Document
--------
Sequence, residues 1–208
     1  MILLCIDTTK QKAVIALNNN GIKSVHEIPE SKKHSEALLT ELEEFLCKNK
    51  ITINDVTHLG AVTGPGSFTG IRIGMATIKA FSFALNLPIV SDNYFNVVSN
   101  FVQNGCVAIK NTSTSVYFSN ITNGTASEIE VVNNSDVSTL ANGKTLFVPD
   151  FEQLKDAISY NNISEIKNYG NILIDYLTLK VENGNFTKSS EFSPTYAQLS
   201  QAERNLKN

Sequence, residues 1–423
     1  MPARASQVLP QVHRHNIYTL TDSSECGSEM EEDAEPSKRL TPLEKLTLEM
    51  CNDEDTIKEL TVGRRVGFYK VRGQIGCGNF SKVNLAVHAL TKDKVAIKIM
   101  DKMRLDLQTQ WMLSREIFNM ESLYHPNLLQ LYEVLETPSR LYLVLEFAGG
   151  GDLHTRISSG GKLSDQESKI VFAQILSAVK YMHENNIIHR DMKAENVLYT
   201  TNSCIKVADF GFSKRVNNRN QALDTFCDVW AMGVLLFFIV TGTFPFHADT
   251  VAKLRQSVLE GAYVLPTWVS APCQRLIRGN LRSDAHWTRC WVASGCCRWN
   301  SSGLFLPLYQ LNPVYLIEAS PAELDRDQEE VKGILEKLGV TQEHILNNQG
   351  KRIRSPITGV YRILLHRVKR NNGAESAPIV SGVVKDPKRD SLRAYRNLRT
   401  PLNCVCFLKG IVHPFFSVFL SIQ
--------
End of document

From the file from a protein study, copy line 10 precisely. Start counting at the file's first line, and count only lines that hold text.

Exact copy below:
   101  DKMRLDLQTQ WMLSREIFNM ESLYHPNLLQ LYEVLETPSR LYLVLEFAGG